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About This Episode
Jamal Reimer has closed over $150 million of SaaS revenue in his career.
I’m going to let that sink in for a minute.
That revenue total includes a string of wins over several years, but it also includes giant mega deals for Oracle, where Jamal is a Strategic Account Manager.
That made him the perfect person to interview about how to close massive deals. And his advice did not disappoint.
Here’s what he told us.
Get the Right People in the Room—And in Your Life
The reps who can go find, hunt, and kill a mega deal on their own . . . you could probably count them on one hand. And they’re tremendous individuals.
Most of the time, though, to get to the point where you can close a massive deal, salespeople need to be mentored. Jamal includes himself in the second camp.
He’s been through two growth phases in his career:
- Getting thrown into the fire, not knowing what he was doing until he could run instead of crawl. (He experienced tons of rejection in his first sales experience selling books in college.)
- There was a shift after the first mega deal he was a part of, when he was fully the student, to taking on the leadership role. He knew the words to the song on subsequent deals, and he could even add a few of his own.
His first mega deal changed his life, more in terms of perspective than commission or glory. He remembers sitting in a conference room with his two VPs and two very senior executives on the customer side. He felt like a fly on the wall listening in on somebody else’s conversation.
The talk was so natural, so matter-of-fact. But the progress made in 45 minutes between those levels of people had taken him months with more junior professionals. He had a breakthrough.
“Some of the greatest secrets are that the basics really work,” he said.
The 45-minute story is a testament to the power of getting the right people in the room. When you hit the sweet spot in tennis and the ball goes over the net at the right spot and the right speed… that’s what happens when you get the right people in the room for the right conversation.
It’s not necessarily about the numbers of meetings or hours you get: it’s about setting up a small number of interactions that are choreographed just right so you hit the sweet spot.
Blue Ocean/Red Ocean
Perhaps you’ve heard of the book Blue Ocean Strategy. Originally, the premise of the book was about market share and competition, but it has been interpreted in many different spheres of business. Jamal readily admits he’s adding to the number of reinterpreters, but he has a fascinating application for the book in sales.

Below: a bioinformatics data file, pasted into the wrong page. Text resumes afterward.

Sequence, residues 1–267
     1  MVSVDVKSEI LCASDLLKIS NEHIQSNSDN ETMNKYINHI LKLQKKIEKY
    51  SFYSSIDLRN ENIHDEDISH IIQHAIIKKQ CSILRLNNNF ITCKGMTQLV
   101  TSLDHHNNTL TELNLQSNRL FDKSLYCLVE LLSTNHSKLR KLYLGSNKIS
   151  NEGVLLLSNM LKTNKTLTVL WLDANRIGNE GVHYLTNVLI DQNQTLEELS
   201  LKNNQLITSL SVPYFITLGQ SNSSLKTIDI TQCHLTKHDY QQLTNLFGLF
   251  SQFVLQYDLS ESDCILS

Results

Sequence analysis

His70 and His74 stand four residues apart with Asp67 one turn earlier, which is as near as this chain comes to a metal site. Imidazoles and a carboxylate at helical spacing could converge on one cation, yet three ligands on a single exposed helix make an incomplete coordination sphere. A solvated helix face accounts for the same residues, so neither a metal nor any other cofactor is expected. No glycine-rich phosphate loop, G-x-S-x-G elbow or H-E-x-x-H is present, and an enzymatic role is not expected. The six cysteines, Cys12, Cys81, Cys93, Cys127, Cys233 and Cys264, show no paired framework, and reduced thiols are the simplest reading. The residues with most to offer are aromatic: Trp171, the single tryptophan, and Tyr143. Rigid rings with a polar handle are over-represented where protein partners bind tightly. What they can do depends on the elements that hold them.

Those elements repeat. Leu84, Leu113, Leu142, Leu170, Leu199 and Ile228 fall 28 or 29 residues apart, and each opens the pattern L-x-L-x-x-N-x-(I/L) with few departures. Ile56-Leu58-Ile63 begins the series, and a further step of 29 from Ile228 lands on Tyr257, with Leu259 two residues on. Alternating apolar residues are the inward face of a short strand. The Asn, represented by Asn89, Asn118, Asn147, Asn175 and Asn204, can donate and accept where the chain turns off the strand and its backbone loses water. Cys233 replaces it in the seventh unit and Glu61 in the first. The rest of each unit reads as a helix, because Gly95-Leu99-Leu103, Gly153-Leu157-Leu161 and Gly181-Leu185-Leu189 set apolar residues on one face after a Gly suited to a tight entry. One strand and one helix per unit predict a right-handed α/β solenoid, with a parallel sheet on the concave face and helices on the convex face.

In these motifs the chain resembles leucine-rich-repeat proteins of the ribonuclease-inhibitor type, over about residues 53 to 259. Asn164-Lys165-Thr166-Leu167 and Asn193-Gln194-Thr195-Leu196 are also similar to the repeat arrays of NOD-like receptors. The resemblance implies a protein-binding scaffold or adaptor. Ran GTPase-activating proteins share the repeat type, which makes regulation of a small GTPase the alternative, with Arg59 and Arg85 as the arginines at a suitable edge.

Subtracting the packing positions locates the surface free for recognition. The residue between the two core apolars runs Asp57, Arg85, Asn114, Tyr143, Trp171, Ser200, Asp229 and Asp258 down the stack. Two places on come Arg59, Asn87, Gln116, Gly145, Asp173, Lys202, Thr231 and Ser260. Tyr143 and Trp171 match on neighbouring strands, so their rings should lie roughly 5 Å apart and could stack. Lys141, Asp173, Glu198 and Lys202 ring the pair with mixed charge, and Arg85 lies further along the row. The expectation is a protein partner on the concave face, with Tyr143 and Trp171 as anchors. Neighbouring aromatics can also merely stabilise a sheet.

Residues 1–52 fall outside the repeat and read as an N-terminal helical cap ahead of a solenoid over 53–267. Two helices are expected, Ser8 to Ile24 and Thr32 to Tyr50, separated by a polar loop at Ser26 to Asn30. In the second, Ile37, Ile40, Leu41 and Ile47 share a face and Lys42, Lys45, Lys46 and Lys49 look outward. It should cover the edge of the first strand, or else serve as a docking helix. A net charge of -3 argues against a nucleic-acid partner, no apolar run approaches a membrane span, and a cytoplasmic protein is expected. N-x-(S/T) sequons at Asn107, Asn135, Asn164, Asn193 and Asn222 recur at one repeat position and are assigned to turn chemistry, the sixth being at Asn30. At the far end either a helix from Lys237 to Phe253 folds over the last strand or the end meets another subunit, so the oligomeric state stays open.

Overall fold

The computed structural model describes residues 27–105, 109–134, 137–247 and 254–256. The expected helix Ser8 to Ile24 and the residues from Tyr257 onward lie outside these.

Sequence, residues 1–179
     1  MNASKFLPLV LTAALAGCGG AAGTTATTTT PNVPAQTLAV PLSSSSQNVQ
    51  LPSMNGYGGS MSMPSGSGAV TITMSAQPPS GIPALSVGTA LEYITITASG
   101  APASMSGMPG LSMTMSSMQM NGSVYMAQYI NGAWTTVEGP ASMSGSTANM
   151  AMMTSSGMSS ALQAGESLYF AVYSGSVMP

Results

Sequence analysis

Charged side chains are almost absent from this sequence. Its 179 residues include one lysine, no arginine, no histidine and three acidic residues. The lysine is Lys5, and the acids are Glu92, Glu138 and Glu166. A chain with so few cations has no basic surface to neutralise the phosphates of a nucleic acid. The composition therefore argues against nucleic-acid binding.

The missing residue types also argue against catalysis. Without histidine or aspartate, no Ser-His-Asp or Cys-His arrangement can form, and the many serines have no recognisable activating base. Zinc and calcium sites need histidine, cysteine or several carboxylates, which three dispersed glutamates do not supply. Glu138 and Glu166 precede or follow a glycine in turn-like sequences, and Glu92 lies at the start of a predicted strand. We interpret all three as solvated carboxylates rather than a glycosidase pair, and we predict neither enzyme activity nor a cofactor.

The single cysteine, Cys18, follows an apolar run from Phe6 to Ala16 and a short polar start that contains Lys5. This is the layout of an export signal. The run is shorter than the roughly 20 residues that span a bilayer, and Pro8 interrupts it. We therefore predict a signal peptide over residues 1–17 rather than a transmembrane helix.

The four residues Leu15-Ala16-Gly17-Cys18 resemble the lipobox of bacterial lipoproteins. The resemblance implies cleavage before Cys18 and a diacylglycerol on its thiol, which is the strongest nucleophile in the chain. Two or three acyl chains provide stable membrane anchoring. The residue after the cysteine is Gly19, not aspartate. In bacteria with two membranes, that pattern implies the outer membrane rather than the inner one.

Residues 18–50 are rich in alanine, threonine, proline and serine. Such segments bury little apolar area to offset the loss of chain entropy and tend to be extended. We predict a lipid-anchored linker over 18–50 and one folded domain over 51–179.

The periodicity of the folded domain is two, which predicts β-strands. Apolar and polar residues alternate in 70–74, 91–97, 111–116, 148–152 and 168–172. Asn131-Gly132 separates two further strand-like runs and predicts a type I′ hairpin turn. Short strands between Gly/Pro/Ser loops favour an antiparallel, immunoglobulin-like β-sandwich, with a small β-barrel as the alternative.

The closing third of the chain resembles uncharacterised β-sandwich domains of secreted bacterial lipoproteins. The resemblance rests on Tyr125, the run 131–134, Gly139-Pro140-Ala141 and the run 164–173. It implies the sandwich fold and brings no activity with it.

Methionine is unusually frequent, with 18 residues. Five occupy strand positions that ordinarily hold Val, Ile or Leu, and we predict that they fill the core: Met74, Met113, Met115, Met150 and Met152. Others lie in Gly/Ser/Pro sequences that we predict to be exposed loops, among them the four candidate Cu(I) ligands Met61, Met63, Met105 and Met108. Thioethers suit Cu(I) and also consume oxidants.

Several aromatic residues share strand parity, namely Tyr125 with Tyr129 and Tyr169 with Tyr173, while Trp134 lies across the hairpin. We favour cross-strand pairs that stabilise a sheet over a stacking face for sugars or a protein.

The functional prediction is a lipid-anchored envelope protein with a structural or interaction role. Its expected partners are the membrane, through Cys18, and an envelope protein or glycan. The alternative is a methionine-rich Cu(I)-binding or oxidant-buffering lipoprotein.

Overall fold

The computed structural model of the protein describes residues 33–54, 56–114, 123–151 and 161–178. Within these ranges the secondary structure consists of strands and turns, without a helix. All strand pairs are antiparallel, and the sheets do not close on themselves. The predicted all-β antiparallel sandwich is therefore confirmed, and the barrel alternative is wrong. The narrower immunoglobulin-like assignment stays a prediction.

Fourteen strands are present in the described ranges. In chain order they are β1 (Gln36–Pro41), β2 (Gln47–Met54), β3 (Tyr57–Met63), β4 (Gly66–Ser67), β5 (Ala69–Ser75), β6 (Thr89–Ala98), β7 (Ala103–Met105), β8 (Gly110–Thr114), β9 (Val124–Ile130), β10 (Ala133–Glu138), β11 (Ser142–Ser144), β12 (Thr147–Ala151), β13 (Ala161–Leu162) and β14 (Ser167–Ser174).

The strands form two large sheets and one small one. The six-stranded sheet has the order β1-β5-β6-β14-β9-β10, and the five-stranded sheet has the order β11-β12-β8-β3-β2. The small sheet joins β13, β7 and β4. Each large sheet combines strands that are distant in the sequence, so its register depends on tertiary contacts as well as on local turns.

If you go after the easy targets in the bloody red ocean, you’re going where all the other reps are, too. But fishing in the blue ocean means “go as high as you can go” in an organization isn’t just a mantra: it’s a real opportunity that you shouldn’t pass up.
There’s an inexplicable barrier to entry for sales reps on LinkedIn. Plenty of people aren’t willing to do it. So it’s still a blue ocean.
The same is true for “swimming” with the executives. If you figure out how to do it, how to get in there and be credible, there’s so little competition.
It’s the dream.
How to Get Mega Deals Started
There are two types of experiences getting mega deals started.
- The likely suspect is a current customer. Even if you only have a tiny engagement, there’s something there. If you have some kind of a toehold, you can continue a conversation or begin a later conversation based on an earlier one.
- If you don’t have that, you take your best shot with a prospect. Either with someone who has moved companies or with someone completely fresh.
The way Jamal’s had the most success is what some reps would call “cheating.” His “cheat” is using his own executives.
It’s no huge secret, though. It’s human nature. If you’re an executive, and you get emails from two people, one from a sales guy and one from the COO of Oracle… which one do you think you’re going to read?
If you can get to someone at your COO’s level, that’s a win in itself. But you can’t just march in and ask an internal executive you help you out. You have to do a lot of work building up your personal brand internally with stakeholders.
After you’ve built up the trust, you can go to one of those stakeholders and say, “I smell some smoke over here. Let’s go make a fire.” As long as you lay out the reasons you think the pitch will work in detail, you have a good chance of getting them to agree.
“I’ll do the legwork,” you can tell them. “You just show up and do the glory work.”
All they have to do is send an email you wrote (or tweak it) or show up to a meeting that you’ve organized. If you do the heavy lifting, they’ll be much more willing to agree.
Jamal says he’s never been turned down by any internal executives ever when he requests their help to go on a pursuit like that. No, the deal won’t catch every time, but the probability certainly goes up.
You can move from a red ocean to a blue ocean just between your ears. And that happens by just being your human self.
It’s so hard for most salespeople to do, because we feel there’s a persona to go with the role. It’s not true.
The moment you’re just you, people will be able to tell. They may not know what you’re talking about, but they’re going to listen because they know you’re in your integrity zone.
Your audience will instantly take note, and you’ll have conversations that peel back the sales veneer.
This post is based on a podcast interview with Jamal Reimer from Oracle. To hear this episode, and many more like it, you can subscribe to The Sales Engagement Podcast. If you don’t use iTunes, you can listen to every episode here.